270768_1922679229805_1326818011_31876806_6107098_n
The Wilwood Six Piston disc brakes on my Mustang.

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So it appears the delicious, basic hamburger of the 1960’s has been brought into the 21st Century.  Kids that watched Elizabeth Montgomery and Barbara Eden fooled with the wonderfully simple ground beef and bread formula to give us today’s foodie gourmet burger…and we can still listen to Vinny’s golden voice, to boot.  Glorious.

And well, with 505 hp at the crank instead of 164 hp, it’s hard to complain.  Neither do my kids when they hear the whine of my Roush supercharger.  They like to scream.  But it’s a shame my pop’s ’63 Mercury Meteor won’t be swept into anyone’s museum.

__________________________

I guess technology has its benefits.

I’ll take a gourmet burger in the end after all.

Pass the Heinz ketchup, please.

At least that hasn’t changed.

37 thoughts on “Hamburgers and a ’63 Merc”

  1. I owned a 57 Fairlane in 1965 …. man, that car had more electrical problems than Las Vegas during a lightening storm. I then purchased a 64 Ford Galaxy 500 … I wish I still had it. I also owned a black 54 Merc 2-door hardtop.

  2. My first car was a 63 Fairlane. It had the 2 speed automatic and the 260 V-8. The previous owner had put spacers in the front coil springs for that cool 70s stance. The lack of power probably kept me out of a lot of trouble. I’ll have a well done cheeseburger, hold the pickles.

    1. Ah, yes… The two speed slip-n-slide. And Lol about them spacers! Out here, we jacked up the rear axles with a spacer… And come on over for burgers! (That’ll tick some we know off…)

  3. You and I must be VERY close in age! Thanks for the trip down memory lane. I miss A & W burger joints where they put the tray on the car window. Someone would make a million bucks if they opened one!

    1. I learned never to comment on a lady’s age! But we do have a sorta drive-in… It’s not too popular, unfortunately, but the quality of food has a big impact on keeping customers away!

  4. PS- My hubby had a convertible 53 merc. He was building cars from scrap at age 16. You two would get along….My family had a 56 green chevy station wagon that my best friend and I washed to surprise my parents…….with Brillo pads.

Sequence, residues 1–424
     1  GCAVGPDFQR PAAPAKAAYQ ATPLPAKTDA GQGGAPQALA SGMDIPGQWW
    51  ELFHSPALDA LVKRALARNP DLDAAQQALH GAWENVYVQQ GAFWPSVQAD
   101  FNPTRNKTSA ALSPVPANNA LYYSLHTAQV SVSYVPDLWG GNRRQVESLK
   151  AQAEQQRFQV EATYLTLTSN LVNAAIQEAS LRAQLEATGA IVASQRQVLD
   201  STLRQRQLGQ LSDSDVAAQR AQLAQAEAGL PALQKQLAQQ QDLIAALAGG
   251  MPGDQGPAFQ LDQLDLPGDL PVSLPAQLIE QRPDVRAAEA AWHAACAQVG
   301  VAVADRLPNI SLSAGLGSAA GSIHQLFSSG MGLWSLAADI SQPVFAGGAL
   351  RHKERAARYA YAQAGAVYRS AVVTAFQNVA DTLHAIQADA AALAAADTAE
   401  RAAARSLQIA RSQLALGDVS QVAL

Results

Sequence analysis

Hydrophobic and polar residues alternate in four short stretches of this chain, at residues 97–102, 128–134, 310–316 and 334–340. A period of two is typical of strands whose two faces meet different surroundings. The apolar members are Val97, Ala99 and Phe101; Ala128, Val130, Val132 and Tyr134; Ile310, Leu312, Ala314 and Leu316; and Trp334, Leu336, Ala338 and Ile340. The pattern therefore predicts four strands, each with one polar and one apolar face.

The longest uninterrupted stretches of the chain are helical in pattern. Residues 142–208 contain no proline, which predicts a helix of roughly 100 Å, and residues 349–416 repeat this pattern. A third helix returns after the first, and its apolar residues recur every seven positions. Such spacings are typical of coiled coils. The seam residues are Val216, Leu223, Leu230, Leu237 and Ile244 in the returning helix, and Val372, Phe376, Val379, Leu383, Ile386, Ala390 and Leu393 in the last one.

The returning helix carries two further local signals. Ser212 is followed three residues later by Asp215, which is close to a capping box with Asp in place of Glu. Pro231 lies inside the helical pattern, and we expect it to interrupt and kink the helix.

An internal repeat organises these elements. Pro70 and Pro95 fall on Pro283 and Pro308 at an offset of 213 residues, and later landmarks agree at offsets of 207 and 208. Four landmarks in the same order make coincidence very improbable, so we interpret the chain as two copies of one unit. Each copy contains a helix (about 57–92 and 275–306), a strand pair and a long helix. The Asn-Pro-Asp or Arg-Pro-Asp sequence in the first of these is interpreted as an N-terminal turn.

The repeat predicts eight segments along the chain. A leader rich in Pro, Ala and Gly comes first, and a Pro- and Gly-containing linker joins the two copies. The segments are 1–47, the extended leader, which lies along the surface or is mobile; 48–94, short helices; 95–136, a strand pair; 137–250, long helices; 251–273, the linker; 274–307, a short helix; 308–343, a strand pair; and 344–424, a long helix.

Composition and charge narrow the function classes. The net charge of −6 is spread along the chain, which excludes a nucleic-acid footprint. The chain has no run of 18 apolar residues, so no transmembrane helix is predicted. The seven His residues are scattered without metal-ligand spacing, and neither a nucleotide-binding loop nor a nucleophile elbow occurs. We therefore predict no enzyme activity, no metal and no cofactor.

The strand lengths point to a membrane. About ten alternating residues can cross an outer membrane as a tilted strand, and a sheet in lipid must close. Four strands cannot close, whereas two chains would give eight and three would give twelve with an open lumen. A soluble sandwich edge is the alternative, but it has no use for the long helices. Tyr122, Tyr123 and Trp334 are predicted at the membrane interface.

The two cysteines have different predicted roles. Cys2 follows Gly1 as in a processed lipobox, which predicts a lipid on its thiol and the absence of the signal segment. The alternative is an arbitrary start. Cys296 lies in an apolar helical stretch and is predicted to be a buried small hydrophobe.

I was the one who ended up surprised!
    😥

  5. I can’t relate to all this talk of super old cars—but I can tell you all about a burger!! Lol! Old fashioned, fancy, gourmet—I’ll take ’em all. Hold the pickles though.

  6. What a lovely, poignant post! We recognise a lot from advertising and films but we never did the big boat-car thing here and hamburgers have caught on but aren’t really part of our childhood. What fun you must have had sailing around in that car 😉

    1. You’re correct in your description, animalcouriers, about the boat like ride. Forgot about that! Thanks for reminding me. And with the lovely countrysides and winding roads of England, Jags are more suited…and classy!

  7. You got my curiosity up and I went into Auto Trader Classics to check for the ash trays. The slide shows for both the beige one (@ $11,00) and the blue one (@ $19,995) showed the back seat but not a clear shot of the armrest, I think I saw the edge of what be one. So – long story short – your mind is as sound as ever!!

  8. I love the story telling. I smile because I have owned several of these same vehicles, but my only Merc was a 1954 two-door hardtop. The car was a tank and back then, who cared about gas mileage?

  9. Laughing here, Koji. Leave it to you to turn a blog on hamburgers into a dissertation on your loved automobiles. And yes, you were a pudgy, adorable baby. 🙂 As for hamburgers, there is a restaurant up in Coeur d’Alene Idaho named Hudson’s that is famous for it’s old fashioned hamburgers. There are like 20 stools at a counter and a very long waiting line. I did a blog on the restaurant and was amazed by the number of people who clicked on it. The joint has been in Sunset Magazine, etc. I even had a Chicago TV station ask to use one of my photos. LOL My blog is at http://wandering-through-time-and-place.me/2011/07/13/is-the-worlds-best-basic-hamburger-to-be-found-at-hudsons-hamburgers-in-coeur-dalene-idaho/ –Curt

    1. Well… I said I’m not a writer so befuddlement is to be expected, Curt! 🙂 And I’ve visited Idaho just once in my life for a one-day business trip. Off the plane then on again. I’ve got to check out your link! It must be good if your photo was requested. You find the best places so I’m drooling already!

  10. Three things:
    1- You are right about the ash trays in the rear seat arm rests. All American vehicles from that period had them. Some in the 1970’s did, like my Dad’s Monte Carlo.
    2- I don’t know who came up with the idea of ruining hamburgers with those damned pickles, but they should have been shot..lol
    3- Funny you mentioned KFI 640 AM. I listen to them now online here in Virginia. Never been to California yet. But, I was turned on to KFI by a Facebook friend. Tim Conway’s son Tim Jr. has a nightly show there, with a game on Thursdays called, ‘What The Hell Did Jesse Jackson Say?’. They play Jesse sound clips and you have to figure out what the hell he said…lol

    1. So you are from a “bow tie” family, eh (Chevy)? The Monte Carlo (70-ish) are becoming collectibles now. What color was it?

      Who ruined the burgers? McDonald’s for one!

      And Tim Sr. is a hoot. I have the Carol Burnett series and he and Harvey Kormann were a riot. We all started to laugh as the scene started… Good days of clean comedy.

      1. Oh, yes. Though we’re all disgusted with GM becoming ‘gubmit motors’ now..lol My MC is a 2007 SS. Dad had a 77 MC, my aunt had a 71 MC. We’ve also had a 68 Chevelle, 1970 El Camino, 76 Corvette, along with every model of 60’s and early 70’s trucks you can think of.

        Hardee’s ruined them too…lol I used to take the pickles off and my cousin would eat them…lol

        Yeah, I grew up on Tim and Harvey & Carol. Tim’s son is different, but just as funny. Clean comedy, show is also very pro-kids too.